Category: Travel Photo Thursday

National Geographic’s “Rarely Seen: Photographs of The Extraordinary”

National Geographic’s “Rarely Seen: Photographs of The Extraordinary”

Ask any reader of National Geographic magazine “Why do you subscribe?” and you’ll be told “It’s the photos, stupid!”

Although the magazine features some of the best-written stories about people and places you’ll find in any periodical, it has always been the photos used to illustrate the stories that has set off “NG” from other monthly publications.

An unexpected re-routing of a weekly hike that a local group that I recently joined does every Friday led me to discover yet more evidence of the preeminence of National Geographic photographers.

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In An Icy National Park: Glacier Bay

In An Icy National Park: Glacier Bay

Margerie-Glacier_thumb.jpg
Margerie Glacier, Glacier Bay National Park

According to the Glacier Bay National Park Website,

“When Captain George Vancouver charted adjacent waters of Icy Strait in 1794, he and his crew described what we now call Glacier Bay as just a small five-mile indent in a gigantic glacier that stretched off to the horizon. That massive glacier was more than 4,000 feet thick in places, up to 20 miles wide, and extended more than 100 miles to the St. Elias mountain range.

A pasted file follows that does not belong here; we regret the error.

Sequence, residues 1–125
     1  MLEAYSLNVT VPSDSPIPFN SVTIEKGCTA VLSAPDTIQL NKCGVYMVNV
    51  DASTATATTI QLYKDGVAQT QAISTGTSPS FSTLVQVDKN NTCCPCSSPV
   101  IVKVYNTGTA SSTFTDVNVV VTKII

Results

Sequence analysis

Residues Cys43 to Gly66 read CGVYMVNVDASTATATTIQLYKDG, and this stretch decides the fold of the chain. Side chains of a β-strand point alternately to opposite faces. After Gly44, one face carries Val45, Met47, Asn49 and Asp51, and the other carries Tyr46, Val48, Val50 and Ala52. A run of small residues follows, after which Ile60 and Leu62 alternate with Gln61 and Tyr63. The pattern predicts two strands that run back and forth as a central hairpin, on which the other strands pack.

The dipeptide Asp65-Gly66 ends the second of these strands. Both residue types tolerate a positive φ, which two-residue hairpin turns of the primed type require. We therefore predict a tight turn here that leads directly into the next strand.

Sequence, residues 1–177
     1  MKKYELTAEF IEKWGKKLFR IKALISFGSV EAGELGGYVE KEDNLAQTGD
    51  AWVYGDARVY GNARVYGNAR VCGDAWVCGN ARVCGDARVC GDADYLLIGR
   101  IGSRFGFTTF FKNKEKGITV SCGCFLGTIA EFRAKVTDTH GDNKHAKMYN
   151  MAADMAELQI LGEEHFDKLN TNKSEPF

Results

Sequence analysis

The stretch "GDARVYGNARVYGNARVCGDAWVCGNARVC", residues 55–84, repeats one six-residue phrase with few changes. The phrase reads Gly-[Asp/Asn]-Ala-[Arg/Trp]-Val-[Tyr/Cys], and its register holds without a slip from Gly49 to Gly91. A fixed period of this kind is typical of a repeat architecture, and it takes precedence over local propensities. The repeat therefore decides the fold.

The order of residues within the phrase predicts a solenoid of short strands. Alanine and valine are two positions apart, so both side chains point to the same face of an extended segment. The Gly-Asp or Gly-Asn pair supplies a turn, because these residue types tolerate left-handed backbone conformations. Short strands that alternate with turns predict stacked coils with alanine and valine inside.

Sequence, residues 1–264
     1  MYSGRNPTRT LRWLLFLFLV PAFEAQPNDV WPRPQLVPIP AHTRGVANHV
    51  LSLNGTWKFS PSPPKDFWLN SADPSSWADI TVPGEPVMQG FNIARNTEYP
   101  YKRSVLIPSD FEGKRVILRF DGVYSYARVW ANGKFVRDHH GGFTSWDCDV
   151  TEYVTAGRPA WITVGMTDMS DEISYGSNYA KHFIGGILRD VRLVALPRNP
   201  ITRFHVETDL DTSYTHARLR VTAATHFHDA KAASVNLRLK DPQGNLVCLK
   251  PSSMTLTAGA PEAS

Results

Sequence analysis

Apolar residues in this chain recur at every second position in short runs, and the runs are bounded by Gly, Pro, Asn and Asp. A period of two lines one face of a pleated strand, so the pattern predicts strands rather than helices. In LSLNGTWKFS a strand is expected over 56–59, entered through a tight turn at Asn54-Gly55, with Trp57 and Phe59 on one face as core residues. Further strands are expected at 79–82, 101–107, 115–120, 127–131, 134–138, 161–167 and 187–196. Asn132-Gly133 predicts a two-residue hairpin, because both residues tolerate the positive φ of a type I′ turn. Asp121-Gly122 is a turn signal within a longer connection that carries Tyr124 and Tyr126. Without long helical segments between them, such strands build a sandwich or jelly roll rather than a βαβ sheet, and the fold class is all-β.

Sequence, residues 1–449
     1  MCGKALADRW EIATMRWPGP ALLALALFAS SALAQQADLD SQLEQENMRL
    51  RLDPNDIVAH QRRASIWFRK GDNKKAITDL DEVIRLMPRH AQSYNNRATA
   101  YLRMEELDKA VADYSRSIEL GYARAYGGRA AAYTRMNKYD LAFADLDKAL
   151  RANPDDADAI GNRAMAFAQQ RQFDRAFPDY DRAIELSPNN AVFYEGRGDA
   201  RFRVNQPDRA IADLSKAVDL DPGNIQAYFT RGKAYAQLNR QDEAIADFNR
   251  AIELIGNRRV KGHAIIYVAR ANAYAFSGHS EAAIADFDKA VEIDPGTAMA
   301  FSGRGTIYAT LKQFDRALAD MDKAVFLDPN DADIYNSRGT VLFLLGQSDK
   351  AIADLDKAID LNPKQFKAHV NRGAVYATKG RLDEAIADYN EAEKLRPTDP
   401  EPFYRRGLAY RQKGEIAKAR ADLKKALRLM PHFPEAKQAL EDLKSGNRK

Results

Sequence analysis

“By 1879, however, naturalist John Muir discovered that the ice had retreated more than 30 miles forming an actual bay.

“By 1916, the Grand Pacific Glacier – the main glacier credited with carving the bay – had melted back 60 miles to the head of what is now Tarr Inlet.”

Modern-day visitors to the park can sail far up into the bay, either in their own craft, on a cruise ship, or a park concessionaire tour boat, and get fairly “up close and personal” with the remaining glaciers.

Glacier Bay CollageBut not everything at Glacier Bay worth seeing and photographing is made of ice.

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